Over the years, major advances in the field of transportation have made it relatively easy for people to move about the country. Many people find themselves in indefinite living situations, changing jobs, going to college or maybe just moving to a new area. In these types of circumstances, ownership may not be all that intriguing or feasible. Luckily, on the other end of the spectrum, there are usually handfuls of owners looking to rent or lease out their property. This perfect alignment of supply and demand leads to frequent property agreements. Although one hopes that everything runs smoothly throughout the occupation, inevitably sometimes accidents or problems may occur.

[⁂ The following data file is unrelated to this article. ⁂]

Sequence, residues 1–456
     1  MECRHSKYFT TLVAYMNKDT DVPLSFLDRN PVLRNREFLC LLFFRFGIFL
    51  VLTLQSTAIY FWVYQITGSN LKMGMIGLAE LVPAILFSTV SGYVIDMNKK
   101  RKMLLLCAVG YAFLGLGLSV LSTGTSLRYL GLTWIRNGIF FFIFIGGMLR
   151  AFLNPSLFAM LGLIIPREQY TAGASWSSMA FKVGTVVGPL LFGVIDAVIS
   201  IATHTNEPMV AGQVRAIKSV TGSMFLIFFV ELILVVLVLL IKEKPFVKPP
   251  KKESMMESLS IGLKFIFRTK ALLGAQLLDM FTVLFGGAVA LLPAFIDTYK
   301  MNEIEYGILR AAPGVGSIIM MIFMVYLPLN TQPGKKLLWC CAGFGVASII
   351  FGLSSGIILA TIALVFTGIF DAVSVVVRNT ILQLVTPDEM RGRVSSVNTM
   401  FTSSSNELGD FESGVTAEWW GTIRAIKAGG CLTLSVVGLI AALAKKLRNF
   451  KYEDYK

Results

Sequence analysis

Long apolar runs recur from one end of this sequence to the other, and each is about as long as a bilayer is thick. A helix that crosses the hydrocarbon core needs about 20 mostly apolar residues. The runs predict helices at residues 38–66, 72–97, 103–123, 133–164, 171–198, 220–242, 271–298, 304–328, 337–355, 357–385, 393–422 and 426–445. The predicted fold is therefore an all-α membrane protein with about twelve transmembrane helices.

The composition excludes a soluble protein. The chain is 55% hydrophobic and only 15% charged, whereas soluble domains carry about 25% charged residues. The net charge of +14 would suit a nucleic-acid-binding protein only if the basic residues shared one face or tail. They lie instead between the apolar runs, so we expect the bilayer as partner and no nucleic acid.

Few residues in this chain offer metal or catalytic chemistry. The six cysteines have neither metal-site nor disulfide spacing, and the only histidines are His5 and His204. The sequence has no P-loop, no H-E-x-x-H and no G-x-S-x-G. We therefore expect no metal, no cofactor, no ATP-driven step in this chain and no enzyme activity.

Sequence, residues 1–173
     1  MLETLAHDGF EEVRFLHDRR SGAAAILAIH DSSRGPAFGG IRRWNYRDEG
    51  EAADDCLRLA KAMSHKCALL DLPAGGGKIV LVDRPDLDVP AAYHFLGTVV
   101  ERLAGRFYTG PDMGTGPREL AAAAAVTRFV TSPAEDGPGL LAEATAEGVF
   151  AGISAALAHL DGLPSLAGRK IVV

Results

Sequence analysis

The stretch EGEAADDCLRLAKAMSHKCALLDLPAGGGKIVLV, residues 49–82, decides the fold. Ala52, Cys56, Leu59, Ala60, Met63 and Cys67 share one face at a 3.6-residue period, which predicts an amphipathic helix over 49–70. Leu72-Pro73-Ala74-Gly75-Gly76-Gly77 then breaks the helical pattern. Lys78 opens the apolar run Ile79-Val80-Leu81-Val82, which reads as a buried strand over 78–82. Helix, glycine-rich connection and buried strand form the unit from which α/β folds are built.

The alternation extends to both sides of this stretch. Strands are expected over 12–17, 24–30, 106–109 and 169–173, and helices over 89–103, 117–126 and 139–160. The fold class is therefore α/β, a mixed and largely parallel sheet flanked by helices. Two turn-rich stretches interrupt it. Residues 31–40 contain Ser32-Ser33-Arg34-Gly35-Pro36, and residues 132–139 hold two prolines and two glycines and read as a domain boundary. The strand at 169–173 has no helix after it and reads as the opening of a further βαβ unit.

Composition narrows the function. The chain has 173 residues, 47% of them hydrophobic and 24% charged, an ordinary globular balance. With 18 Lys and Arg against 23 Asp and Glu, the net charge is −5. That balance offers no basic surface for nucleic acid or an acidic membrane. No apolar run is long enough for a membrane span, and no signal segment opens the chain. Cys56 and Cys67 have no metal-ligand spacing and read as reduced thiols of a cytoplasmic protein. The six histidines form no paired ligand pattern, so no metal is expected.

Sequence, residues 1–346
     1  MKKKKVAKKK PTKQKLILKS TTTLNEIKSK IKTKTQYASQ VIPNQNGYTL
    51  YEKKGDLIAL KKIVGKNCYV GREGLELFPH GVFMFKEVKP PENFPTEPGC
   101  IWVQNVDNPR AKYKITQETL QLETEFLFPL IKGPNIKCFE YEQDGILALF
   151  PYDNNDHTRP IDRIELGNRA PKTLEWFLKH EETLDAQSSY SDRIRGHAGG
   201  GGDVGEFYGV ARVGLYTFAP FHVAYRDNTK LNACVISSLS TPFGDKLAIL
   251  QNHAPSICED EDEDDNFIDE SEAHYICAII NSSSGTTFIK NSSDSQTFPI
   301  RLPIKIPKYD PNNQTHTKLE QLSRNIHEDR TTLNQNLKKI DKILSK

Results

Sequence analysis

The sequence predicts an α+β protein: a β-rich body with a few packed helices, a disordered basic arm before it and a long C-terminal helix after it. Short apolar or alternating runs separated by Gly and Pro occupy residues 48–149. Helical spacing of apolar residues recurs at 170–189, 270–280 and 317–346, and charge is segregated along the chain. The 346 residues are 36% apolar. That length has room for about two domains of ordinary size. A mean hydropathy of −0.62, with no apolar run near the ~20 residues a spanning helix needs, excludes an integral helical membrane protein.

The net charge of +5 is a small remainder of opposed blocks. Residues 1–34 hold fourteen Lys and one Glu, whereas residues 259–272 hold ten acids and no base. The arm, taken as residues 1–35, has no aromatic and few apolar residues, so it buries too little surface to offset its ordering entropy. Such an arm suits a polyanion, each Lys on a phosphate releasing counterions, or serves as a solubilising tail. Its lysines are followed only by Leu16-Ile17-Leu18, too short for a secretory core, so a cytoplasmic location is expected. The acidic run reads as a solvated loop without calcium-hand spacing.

One specific type of problem that can be faced deals with the question of who is responsible for injuries or damages that result from a defect in the premises in which someone is not the owner. It is also important to note that agreements involving homeownership are not the only circumstances in which these particular problems may arise. Alternatively, one may find themselves injured somewhere they are visiting or momentarily staying at such as a hotel, museum, or baseball game.
In the state of Louisiana, in order to recover under the theory of premises liability, the plaintiff has the burden of proof. The plaintiff would likely be the one who does not own the premises and has been injured in some way. The plaintiff’s burden under Louisiana law consists of proving four things: 1) that the injuries were caused by a defect in the defendant’s premises that created an unreasonable risk of harm to the plaintiff; 2) that the defendant knew or should have known of the defect; 3) that the damage could have been prevented by the use of reasonable care; and, 4) that the defendant failed to exercise such reasonable care.